The Anti-Federalist opposition began to gain a greater footing as states such as New York and Massachusetts agreed to ratify the constitution with the understanding that amendments to the original document would be taken up at a second congress.  With the fear of “mobocracy” lingering in the wake of the Carlisle riots, the more moderate middling democrats distanced themselves from the populist plebeians and began to take control of the Anti-Federalist agenda. As a result, the Anti-Federalists began to focus on working within the new government to bring about the amendments they desired.

 

Part II

 

     Once the states ratified the constitution, opposition to the constitution itself seemed to dissipate.  Instead, the Anti-Federalists took their place in government and carried on their tradition of dissent by engaging in debate from within.  From the structure of representation to arguments over the proper wording of the amendments, the Anti-Federalists staked out positions to challenge the Federalists and thereby established for themselves the role of loyal opposition.

     Now that the Anti-Federalists had become part of the government, new alliances began to emerge.  With the advent of the “Court Party” that sought to bring more power to the executive branch of the government, many moderate Federalists began to agree with certain views of their erstwhile opponents.  As many of the former Anti-Federalists’ fears came to be realized, leaders such as Jefferson and Madison began to switch their allegiance and joined the loyal opposition.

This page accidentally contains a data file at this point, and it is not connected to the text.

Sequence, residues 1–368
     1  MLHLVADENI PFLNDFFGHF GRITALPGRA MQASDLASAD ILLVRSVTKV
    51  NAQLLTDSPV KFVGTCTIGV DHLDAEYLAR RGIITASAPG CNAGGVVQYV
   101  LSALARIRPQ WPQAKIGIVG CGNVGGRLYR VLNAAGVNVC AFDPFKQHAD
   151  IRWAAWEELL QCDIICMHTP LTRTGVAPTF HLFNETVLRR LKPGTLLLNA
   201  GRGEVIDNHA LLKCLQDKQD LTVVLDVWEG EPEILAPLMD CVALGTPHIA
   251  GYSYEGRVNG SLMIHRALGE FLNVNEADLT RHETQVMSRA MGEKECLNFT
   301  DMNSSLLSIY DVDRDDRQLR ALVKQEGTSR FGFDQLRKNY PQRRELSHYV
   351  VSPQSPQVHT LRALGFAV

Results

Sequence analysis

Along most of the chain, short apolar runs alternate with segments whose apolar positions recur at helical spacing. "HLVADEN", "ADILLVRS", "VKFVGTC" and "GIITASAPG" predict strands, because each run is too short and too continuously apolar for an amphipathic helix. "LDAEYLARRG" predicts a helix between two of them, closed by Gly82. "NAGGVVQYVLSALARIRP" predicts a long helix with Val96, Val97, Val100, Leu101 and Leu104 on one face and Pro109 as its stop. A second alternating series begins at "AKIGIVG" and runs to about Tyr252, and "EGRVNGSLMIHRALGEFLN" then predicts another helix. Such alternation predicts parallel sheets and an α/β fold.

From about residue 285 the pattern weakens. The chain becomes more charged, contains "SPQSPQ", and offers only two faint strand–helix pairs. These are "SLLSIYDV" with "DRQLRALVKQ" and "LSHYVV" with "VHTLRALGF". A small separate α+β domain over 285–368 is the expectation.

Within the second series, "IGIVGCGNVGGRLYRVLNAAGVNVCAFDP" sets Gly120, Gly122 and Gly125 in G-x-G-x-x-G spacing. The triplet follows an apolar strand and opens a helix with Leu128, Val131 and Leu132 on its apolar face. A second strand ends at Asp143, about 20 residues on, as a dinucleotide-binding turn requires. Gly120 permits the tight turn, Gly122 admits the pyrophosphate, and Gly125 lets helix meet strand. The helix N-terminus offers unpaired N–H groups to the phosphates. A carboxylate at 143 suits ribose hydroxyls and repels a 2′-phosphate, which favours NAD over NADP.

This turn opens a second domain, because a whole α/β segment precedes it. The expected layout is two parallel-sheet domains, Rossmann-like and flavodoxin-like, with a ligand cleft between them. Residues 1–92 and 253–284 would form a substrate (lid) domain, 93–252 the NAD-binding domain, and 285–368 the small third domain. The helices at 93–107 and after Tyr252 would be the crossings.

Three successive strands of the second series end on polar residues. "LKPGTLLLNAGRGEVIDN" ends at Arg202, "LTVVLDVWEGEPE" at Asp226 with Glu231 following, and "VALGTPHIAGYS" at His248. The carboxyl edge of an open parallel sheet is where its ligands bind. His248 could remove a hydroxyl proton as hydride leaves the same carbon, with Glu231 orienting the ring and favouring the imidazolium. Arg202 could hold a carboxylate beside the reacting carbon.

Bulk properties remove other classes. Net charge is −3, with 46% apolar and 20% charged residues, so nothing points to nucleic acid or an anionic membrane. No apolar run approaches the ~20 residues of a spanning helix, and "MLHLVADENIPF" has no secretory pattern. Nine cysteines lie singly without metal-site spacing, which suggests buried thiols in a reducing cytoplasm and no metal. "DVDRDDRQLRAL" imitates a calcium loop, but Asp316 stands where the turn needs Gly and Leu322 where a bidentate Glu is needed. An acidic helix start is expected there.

This amalgam of former Federalists and Anti-Federalists became the Democratic-Republicans.  Their opposition to Hamiltonian ideas became the glue that held them together.  The Democratic-Republicans opposed Hamilton’s plan to create a national bank, stating that this initiative fell outside the authority the Constitution had given to the national government.  The controversy over this and later issues such as the use of troops to put down the whiskey rebellion solidified the views of this dissenting group.

 

Part III

 

     The Alien and Sedition Acts of 1798 appeared to many as another example of the national government making a grab for more power.  The opposition responded by exploring new ways to oppose the government.  The compact treaty of federal government proposed that the states, as signatories to the constitution, could put a check on the powers the national government was accruing.  Jefferson and Madison were able to put through resolutions in both the Virginia and Kentucky legislatures attesting to the rights and duty of the states to oppose any unconstitutional acts.

     The tradition of dissent in America was forged in the heat of the debates that occurred at the founding of the nation.  The Anti-Federalists began a line of debate that politicians continue to invoke to this day.  This form of debate helped to defend the rights of the people and limit the powers of the national government; without it, Americans’ liberties would certainly be more circumscribed than they are today.  Through the debate over the constitution to the opposition of Hamiltonian politics and the Alien and Sedition acts, the loyal opposition left its mark on American politics.  Regardless of whether its agenda was accepted or discarded, the nature of the debate changed the way the government was formed and its laws were written.